At 11 am on Sunday 13 August Primrose Middleton, a local
resident, noticed that the stream at the bottom of her garden had turned a
reddish pink colour. She immediately called the National Rivers Authority (NRA).
Downstream at 11.15 am local farmer Dudley Canvin discovered dead and dying fish
in his pond. He put straw bales into the water to try and stop the pollution
going beyond his farm. By mid-afternoon emergency services at the site included
the NRA, fire and ambulance and the police. The NRA, using plastic pipes,
diverted the stream over a quarter mile stretch and made good a dam which
contained most of the pollution. The combined actions meant pollution in the
River Cary never exceeded the Environmental Quality Standard for lindane of 0.1
µg/l (parts per billion).
The situation was different in the affected part of the Mill Stream where levels were 920 µg/l of lindane at the height of the problem. Over half a million litres of water were tankered away, most of which was incinerated. In addition, 282 drums containing lindane contaminated soil were removed at a cost of about £400 (US$600) each.
The insecticide lindane has been widely used in agriculture for urban pest control since the 1940s. It is banned and severely restricted in a number of countries and there is a significant body of evidence on its toxic and environmental effects (see PN28, lindane fact sheet). It has caused deaths and poisonings in humans as a result of misuse and the concern over its long term health effects includes a link with carcinogenicity, aplastic anaemia and the birth disorder CHARGE. Lindane is fat soluble and can bioaccumulate in food chains.
At first, people in the area were confused about what exactly had happened. Local resident Dawn Sarginson initially thought ill effects were a result of 'some sort of bug'. Both adults and children suffered diarrhoea, dizziness, lack of co-ordination, stomach cramps, itchy eyes and sore throats, possibly as a result of exposure to lindane. A survey by Somerset Health Commission, in liaison with a team from Guy's Hospital London is being carried out on 1,500 residents in the area.
Before the incident, there was no gate barring access to the site. This proved too tempting for local children. Kevin Sarginson, aged 12, said he and his friends had 'played' with some of the opened insecticide drums on the site which would "fizz when stirred".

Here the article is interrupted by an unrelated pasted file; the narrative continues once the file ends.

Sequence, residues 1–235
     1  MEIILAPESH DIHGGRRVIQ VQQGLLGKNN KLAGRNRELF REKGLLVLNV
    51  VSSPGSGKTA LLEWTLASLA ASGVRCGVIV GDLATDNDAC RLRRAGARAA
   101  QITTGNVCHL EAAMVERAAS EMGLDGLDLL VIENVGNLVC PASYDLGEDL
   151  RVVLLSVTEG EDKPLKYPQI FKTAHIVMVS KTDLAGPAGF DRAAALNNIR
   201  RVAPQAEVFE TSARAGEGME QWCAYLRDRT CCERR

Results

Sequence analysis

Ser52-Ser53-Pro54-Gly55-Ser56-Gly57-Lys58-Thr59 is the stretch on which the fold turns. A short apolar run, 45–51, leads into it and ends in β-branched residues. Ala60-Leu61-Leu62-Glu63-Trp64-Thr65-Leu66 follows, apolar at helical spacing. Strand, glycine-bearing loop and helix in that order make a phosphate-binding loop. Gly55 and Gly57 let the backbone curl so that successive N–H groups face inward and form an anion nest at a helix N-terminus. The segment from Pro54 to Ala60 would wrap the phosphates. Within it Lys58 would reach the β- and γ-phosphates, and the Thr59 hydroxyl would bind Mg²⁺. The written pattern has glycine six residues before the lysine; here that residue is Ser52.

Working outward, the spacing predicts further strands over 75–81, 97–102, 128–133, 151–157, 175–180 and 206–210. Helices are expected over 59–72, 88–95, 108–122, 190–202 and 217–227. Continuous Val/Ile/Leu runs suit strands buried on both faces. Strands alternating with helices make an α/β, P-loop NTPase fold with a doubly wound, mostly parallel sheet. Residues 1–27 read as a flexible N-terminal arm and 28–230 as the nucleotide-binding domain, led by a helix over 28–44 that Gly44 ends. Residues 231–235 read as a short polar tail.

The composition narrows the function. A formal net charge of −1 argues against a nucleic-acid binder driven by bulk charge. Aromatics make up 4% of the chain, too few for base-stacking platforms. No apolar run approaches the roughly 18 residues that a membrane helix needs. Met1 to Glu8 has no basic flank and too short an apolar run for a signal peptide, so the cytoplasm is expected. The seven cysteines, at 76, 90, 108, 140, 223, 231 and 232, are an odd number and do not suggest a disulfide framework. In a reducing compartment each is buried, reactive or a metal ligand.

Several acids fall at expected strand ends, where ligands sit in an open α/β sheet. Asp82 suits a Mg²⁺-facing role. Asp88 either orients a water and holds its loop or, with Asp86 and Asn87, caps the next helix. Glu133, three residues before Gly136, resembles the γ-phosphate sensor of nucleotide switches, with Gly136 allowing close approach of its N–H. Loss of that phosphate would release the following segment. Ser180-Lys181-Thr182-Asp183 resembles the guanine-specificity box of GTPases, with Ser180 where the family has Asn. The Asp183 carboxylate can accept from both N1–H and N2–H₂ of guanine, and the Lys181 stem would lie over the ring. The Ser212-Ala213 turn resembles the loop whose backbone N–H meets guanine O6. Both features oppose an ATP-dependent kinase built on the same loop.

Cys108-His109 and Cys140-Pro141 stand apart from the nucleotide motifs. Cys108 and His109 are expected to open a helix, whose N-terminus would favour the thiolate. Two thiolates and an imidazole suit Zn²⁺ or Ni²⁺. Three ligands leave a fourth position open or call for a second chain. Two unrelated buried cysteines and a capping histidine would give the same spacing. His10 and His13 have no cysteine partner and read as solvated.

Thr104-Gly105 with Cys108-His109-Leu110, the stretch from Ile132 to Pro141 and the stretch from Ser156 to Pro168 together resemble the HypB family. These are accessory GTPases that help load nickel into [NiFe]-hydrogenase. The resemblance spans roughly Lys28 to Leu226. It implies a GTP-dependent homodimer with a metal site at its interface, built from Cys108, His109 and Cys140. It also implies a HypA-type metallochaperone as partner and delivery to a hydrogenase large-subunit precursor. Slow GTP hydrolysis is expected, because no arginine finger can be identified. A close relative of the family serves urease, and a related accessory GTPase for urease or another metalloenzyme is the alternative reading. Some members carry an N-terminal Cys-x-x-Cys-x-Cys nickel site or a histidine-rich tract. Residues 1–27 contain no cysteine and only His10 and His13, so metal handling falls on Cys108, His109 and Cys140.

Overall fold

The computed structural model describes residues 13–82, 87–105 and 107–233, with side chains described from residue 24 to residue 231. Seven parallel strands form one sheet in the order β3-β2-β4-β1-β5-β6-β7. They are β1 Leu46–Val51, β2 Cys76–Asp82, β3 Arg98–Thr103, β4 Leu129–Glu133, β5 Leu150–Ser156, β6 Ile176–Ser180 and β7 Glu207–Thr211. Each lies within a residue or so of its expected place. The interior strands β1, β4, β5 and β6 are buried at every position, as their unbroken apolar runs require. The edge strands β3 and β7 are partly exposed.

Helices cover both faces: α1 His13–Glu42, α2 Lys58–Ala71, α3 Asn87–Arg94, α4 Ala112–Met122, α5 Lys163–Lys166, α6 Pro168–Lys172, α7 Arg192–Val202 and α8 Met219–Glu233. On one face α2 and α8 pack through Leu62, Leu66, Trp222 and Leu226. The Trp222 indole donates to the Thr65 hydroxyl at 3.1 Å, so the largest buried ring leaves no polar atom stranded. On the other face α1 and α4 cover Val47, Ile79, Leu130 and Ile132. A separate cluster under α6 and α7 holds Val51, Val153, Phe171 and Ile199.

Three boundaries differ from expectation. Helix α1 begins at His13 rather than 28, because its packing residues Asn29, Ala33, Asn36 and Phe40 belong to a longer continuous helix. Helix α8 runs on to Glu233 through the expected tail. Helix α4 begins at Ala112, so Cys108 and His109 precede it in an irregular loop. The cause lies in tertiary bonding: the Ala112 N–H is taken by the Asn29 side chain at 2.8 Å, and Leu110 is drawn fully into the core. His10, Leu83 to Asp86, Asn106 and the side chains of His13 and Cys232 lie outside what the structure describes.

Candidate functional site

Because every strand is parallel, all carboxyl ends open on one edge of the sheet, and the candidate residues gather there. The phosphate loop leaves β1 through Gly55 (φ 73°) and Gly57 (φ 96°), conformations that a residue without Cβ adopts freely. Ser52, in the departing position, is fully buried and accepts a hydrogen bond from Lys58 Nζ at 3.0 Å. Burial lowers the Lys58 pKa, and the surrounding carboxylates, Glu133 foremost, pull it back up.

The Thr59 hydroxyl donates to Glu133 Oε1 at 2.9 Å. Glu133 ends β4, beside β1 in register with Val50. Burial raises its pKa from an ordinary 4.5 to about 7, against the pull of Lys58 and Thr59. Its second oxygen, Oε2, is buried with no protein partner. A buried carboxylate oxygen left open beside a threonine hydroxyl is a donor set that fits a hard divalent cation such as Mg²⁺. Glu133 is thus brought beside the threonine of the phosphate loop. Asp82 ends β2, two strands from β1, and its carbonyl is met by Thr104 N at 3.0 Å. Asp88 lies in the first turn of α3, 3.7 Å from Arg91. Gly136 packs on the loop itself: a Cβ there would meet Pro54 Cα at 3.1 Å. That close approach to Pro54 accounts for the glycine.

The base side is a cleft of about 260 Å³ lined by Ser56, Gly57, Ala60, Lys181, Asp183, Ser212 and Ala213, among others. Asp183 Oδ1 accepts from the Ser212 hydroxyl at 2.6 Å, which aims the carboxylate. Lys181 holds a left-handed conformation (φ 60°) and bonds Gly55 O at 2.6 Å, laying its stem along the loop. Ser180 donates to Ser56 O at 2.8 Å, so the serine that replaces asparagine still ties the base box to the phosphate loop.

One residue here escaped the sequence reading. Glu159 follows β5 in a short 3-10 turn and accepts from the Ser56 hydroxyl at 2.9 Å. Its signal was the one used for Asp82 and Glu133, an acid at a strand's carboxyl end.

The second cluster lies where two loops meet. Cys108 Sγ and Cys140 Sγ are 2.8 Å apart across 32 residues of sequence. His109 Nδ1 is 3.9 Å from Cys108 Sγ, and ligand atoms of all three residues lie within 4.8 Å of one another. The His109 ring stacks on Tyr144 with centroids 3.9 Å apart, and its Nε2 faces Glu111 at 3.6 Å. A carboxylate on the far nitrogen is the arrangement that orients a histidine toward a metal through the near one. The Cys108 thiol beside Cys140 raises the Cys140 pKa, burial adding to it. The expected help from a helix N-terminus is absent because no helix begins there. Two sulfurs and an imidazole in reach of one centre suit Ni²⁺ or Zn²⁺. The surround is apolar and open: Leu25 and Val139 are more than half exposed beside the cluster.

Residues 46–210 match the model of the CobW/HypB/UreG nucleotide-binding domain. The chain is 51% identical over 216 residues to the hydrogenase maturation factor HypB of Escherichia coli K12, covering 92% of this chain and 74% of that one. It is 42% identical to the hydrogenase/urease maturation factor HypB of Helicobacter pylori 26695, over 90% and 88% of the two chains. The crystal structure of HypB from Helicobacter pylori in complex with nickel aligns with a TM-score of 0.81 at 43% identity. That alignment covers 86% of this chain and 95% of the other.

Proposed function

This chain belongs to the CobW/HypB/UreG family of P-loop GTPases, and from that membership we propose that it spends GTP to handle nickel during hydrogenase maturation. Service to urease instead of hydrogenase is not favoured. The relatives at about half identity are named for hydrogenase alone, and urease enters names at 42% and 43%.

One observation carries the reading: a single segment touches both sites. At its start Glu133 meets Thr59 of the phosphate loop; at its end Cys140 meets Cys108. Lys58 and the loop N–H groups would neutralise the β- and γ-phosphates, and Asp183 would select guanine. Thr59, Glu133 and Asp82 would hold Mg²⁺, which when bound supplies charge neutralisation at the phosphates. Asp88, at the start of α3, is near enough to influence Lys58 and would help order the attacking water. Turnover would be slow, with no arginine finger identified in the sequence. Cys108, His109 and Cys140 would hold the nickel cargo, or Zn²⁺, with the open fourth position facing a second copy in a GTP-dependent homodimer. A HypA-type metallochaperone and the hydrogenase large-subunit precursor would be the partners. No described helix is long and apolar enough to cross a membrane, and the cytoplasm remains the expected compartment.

At the beginning of June, eight weeks before the incident, another local resident, Bruce Bedford, had gone onto the seed mill site and seen children playing. Mr Bedford saw eight drums of lindane and immediately phoned his local authority, the South Somerset District Council to report the drums. Concerned that he could be accused of trespass, he rang anonymously. However he was told that the council could not help, he would have to phone the Ministry of Agriculture Fisheries and Food (MAFF). But MAFF told him it is only responsible for pesticides stored on farmland-not on disused factory sites. He then tried the agricultural advisory service, ADAS (a MAFF agency), where he was told again "sorry not our responsibility". However ADAS told him that they would refer the matter to the Health and Safety Executive in Taunton. But this body was not responsible either as the site was no longer a working factory.
Only on Friday 4 August, eight weeks after the drums were first reported, was the Waste Regulation Authority at Somerset County Council informed. Officers were sent to the site to investigate the following Monday. They saw the eight drums of lindane and instructed the owner of the site Nick Bond and the demolition contractor Raymond Hake, that because of the nature of the chemicals, they would have to be disposed of by a specialist waste contractor. The officers explained the job could cost up to £3,000 and recommended the council's own waste disposal contractor. A few days later someone put the lindane down a drain(1).
Pollution from the site
Between 13 and 14 August the authorities removed from the mill site about 20 pesticide containers which included lindane and phenyl mercury acetate. Even some time after the incident, levels of pollution in the stream's silt were relatively high, and variable. On 13 October NRA sampling showed levels up to 200 µg/kg in the Mill Stream. Levels of mercury were around 1 mg/kg on average, although one sample contained 33 mg/kg.